[¶11]   Officer Brothers turned to walk away but then, after a pause of several seconds (maybe 30 seconds), he turned back and asked Rice if he could ask him some additional questions.  Rice indicated that he did not object to answering more questions.  By this time Gillette Police Officer Ben Gauthier was also on the scene.  Neither police vehicle was blocking Rice's egress from the parking lot, and neither police officer had activated the emergency lights on his patrol car.  Officer Brothers waited until after Rice was informed that he was free to go before asking additional questions because "[f]rom my training and understanding that is the proper procedure, that we cannot detain anyone against their will."  In his mind, Officer Brothers thought that Rice was aware that he did not have to answer any further questions and that he was free to leave had he chosen to do so.

 

[¶12]   Officer Brothers asked Rice if there were any drugs or controlled substances in his vehicle.  Officer Brothers related that Rice "didn't respond to me, just got a blank look and then stepped up against the side of his vehicle and placed his head probably within a foot of the side glass of the vehicle and just stared into the vehicle."  Officer Bothers then repeated his question and again Rice did not respond.  Officer Brothers further testified that "[Rice] eventually looked back up at me and asked me what the question had been.  I repeated the question and received the same response.  He again placed his face rather close to the window of the vehicle and acted as if he was looking through the vehicle and didn't respond to me."  That happened a couple of times, and then Officer Brothers finally asked Rice if he was okay.  Rice responded that "he didn't know what I was looking for."  When Officer Brothers iterated that he was checking to see if there were any controlled substances in the vehicle, Rice said a friend might have left a joint in the vehicle.  Officer Brothers testified that at this point Rice was still free to leave.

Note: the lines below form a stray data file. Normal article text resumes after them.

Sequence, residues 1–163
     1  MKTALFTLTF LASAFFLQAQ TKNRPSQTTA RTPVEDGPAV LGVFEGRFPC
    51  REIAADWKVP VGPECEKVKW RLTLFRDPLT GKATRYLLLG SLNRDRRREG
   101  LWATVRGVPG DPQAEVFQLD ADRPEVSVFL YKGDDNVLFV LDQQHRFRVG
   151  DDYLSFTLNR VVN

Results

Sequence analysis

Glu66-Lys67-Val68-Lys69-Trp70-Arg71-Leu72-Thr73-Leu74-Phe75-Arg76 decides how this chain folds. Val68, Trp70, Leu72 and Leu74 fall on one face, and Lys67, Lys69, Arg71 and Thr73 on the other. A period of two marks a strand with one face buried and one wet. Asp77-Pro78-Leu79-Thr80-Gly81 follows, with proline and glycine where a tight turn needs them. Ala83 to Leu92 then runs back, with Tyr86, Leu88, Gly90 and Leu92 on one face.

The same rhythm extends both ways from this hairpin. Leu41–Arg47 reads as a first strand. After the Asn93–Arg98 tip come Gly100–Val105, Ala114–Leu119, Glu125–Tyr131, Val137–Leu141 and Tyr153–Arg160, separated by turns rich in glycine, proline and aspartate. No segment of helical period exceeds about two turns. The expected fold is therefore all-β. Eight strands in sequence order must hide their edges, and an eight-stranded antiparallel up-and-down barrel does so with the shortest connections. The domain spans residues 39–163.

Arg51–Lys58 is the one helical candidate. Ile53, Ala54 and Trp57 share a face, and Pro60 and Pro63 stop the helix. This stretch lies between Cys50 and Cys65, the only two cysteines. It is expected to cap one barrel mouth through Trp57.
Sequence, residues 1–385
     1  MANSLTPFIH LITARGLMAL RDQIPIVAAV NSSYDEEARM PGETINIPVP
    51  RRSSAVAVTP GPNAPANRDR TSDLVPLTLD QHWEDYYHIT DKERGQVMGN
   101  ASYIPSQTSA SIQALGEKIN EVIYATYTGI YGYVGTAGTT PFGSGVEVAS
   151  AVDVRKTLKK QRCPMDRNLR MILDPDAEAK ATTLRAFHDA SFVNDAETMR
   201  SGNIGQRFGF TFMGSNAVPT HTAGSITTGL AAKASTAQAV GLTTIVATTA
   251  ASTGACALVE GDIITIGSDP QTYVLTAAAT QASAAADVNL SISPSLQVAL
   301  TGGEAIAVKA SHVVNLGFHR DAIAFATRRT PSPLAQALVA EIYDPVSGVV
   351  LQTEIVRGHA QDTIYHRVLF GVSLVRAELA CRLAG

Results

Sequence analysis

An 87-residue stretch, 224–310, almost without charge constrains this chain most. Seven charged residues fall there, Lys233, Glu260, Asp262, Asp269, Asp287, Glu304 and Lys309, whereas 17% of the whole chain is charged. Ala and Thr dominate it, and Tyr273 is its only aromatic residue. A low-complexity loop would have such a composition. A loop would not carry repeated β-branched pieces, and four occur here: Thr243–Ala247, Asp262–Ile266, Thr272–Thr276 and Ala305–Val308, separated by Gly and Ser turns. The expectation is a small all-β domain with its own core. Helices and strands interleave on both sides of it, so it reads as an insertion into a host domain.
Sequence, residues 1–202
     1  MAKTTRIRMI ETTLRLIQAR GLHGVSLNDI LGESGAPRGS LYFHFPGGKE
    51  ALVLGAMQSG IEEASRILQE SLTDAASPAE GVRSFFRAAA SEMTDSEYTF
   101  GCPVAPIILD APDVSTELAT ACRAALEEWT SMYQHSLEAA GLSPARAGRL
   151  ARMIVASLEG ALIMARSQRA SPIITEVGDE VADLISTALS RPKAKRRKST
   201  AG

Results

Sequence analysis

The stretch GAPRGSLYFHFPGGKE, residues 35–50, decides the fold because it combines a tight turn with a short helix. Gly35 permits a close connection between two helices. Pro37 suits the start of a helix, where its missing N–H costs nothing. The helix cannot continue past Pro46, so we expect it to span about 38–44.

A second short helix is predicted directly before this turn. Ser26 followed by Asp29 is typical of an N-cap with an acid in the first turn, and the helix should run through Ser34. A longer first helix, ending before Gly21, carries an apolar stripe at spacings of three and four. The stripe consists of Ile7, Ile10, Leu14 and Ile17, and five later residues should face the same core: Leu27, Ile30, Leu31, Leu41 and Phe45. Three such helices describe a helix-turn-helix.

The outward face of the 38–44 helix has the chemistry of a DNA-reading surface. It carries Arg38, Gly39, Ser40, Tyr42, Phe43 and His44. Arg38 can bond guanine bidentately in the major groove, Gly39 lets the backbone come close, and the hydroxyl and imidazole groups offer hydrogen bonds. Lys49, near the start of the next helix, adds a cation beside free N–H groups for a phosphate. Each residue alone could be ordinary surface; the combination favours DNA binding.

[¶13]   Officer Brothers asked Rice if he could look in the vehicle, and Rice said he would rather he did not.  Officer Brothers then asked Rice if he could run his narcotics dog around the exterior of the vehicle, and Rice consented.  Officer Brothers testified that Rice was still free to leave and that he would have allowed him to leave if Rice had wanted to.  Officer Brothers retrieved his dog from his car and proceeded to take the dog around the car on a lead (he did not want the dog running free because they were near two busy streets).  The dog alerted to the trunk of the vehicle first.  As the sniffing process continued, the dog came to the open driver's side door (that Rice had opened and left open during this contact), and the dog alerted to the interior of the car.  Officer Brothers testified that in his mind, Rice was still free to leave at that point and that he had not allowed the dog to enter the interior of the car because Rice had not consented to that.

 

[¶14]   At that point, Officer Brothers informed Rice that he thought there were drugs in the car and asked him where they were.  Rice indicated that he thought the dog had not found anything, but Officer Brothers said that the dog had.  Rice then repeated that there might be a joint in his car left there by a friend.  Officer Brothers asked if he knew where it was.  Rice initially responded that it was not in his best interests to answer the question.  When Officer Brothers repeated his question, Rice told him he had a joint in his pocket.  He reached into his pocket and brought out a Carmex™ container.  Rice opened the lid and revealed a green leafy substance that looked and smelled like marijuana.  Officer Brothers also asked if Rice had any weapons, and Rice said he had a knife and started to reach for it.  Officer Brothers stopped him, out of concern for his personal safety, and handcuffed Rice and placed him under arrest for possession of a controlled substance.